Tuesday, April 15, 2008

Meeting Resistance

"Meeting Resistance raises the veil of anonymity surrounding the Iraqi insurgency by meeting face to face with individuals who are passionately engaged in the struggle, and documenting for the very first time, the sentiments experienced and actions taken by a nation's citizens when their homeland is occupied. Voices that have previously not been heard, male and female, speak candidly about their motivations, hopes and goals, revealing a kaleidoscope of human perspectives. Featuring reflective, yet fervent conversations with active insurgents, Meeting Resistance is the missing puzzle piece in understanding the Iraq war. Directed by Steve Connors and Molly Bingham, this daring, eye-opening film provides unique insight into the personal narratives of people involved in the resistance exploding myth after myth about the war in Iraq and the Iraqis who participate. Through its unprecedented access to these clandestine groups, Meeting Resistance focuses the spotlight on the "other side", clarifying why the violence in Iraq continues to this day and providing a deeper understanding of both the toll of occupation and the human condition of resistance." From the Meeting Resistance Official WebSite.

1 comment:

Anonymous said...

I hadn't heard about this documentary before, and have only watched the trailer via the provided link.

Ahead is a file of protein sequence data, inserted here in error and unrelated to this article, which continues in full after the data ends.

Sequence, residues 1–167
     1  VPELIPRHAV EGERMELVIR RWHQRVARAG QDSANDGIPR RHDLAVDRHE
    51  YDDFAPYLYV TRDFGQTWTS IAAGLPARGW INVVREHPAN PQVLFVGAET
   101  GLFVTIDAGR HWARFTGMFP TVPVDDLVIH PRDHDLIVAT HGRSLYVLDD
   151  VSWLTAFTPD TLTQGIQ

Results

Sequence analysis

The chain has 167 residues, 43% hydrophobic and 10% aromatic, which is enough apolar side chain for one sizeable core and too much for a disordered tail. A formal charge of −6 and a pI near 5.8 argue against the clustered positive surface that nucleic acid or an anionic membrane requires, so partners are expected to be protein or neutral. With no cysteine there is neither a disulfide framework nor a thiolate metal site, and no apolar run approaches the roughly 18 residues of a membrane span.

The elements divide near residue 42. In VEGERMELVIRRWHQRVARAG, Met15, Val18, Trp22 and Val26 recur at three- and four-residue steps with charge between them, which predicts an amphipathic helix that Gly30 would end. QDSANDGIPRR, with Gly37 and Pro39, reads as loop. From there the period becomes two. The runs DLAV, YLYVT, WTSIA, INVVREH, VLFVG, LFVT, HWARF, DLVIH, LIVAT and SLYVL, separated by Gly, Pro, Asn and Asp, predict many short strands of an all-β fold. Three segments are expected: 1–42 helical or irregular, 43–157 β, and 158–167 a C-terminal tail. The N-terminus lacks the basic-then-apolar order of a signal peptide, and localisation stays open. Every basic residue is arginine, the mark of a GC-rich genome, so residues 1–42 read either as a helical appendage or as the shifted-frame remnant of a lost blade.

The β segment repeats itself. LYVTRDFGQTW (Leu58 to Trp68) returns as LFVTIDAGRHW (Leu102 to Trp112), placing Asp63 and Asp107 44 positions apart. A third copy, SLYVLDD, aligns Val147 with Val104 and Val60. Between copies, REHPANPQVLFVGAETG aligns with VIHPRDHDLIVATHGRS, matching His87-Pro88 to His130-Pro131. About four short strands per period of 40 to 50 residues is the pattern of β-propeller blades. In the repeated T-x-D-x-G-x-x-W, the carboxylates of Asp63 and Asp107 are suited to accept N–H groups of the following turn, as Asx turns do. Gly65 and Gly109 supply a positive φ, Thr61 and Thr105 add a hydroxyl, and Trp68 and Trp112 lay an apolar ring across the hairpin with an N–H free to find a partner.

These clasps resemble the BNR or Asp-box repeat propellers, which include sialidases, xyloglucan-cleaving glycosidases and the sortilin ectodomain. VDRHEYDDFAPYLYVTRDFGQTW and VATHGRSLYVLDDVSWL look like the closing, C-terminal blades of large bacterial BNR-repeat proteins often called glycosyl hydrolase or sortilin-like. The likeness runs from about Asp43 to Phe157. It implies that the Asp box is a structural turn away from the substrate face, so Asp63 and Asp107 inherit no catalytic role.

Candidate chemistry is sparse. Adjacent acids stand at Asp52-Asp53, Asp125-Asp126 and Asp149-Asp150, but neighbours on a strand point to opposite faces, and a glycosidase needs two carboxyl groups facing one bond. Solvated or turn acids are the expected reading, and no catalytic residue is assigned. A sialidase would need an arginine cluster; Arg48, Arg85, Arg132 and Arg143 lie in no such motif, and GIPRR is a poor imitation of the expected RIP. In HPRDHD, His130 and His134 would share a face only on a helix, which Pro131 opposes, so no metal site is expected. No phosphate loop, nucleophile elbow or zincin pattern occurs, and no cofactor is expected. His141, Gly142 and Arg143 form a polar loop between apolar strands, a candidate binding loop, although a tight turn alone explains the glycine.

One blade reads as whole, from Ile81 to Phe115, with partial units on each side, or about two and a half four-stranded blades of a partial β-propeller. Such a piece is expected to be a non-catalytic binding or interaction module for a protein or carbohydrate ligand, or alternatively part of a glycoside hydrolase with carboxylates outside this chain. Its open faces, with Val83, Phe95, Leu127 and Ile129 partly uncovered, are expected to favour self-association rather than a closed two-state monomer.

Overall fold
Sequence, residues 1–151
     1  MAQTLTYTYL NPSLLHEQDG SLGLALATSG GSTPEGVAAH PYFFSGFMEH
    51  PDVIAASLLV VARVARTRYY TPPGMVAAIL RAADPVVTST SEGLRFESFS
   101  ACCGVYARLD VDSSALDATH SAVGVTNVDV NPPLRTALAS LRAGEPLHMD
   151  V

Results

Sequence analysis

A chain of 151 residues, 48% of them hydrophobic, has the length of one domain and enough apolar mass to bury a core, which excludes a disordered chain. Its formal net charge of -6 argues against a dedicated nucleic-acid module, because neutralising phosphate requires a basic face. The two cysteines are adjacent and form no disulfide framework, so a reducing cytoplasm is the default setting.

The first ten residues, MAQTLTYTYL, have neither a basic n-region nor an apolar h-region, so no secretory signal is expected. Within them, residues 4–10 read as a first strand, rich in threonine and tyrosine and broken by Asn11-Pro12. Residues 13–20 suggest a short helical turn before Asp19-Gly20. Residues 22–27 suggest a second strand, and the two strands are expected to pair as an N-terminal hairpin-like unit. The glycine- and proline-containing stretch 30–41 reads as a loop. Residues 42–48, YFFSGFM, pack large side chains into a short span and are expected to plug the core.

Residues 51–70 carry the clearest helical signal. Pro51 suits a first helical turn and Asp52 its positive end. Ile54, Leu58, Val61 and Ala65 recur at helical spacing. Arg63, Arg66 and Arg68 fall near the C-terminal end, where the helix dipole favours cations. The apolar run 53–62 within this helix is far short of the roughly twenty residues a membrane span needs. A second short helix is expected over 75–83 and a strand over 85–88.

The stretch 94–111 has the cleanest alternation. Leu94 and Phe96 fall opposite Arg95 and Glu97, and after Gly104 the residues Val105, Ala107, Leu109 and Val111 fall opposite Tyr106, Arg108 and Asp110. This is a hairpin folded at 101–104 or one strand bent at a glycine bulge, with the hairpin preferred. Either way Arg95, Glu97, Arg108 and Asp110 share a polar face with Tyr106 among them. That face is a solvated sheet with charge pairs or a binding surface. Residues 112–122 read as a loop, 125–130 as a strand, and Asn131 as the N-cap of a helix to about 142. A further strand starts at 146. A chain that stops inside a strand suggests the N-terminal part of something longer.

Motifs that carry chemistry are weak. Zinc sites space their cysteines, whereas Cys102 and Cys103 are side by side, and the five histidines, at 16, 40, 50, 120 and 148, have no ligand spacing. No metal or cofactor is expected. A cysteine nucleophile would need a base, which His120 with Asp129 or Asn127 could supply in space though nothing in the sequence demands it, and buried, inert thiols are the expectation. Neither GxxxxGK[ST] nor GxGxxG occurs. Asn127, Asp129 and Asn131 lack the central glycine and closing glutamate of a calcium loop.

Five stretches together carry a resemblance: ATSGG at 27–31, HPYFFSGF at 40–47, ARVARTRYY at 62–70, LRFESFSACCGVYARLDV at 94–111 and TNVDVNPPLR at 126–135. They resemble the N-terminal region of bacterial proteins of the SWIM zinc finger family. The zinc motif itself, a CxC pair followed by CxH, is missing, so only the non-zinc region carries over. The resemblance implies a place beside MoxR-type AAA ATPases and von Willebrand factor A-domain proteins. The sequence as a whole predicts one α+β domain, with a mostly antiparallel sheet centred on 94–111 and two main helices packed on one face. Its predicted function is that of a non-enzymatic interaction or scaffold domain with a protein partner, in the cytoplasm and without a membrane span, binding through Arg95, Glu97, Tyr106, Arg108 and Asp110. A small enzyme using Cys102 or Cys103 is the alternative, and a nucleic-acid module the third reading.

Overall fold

I just wanted to comment on the title. I think its problematic that (it seems) the filmmakers are equalizing the term resistance to violent male-dominated actions (we see men building bombs, carrying guns, speaking of revenge, etc.). This depiction of 'resistance' is really narrow and stereotypical.

I think although these are a part of everyday reality, there are hundreds of forms of non-violent acts of resistance that are repeatedly discredited or ignored. (How much coverage does the international boycott of Israeli Apartheid get?)

We hear time and time again that Arab mothers "send their kids to die" (aka fight/resist), when NO ONE mentions the thousands of mothers who walk their kids to school, navigating checkpoints, dodging gunfire, defying curfews, etc.

I don't mean to pose a dichotomy or suggest that there are good/bad or right/wrong or gendered forms of resistance. People resist in ways they see necessary in their context. However I think that it the West is able to swallow the image of angry, revengeful, threatening defenders of their land much more easily than less sensational acts of resistance that are vital to the struggle against occupation.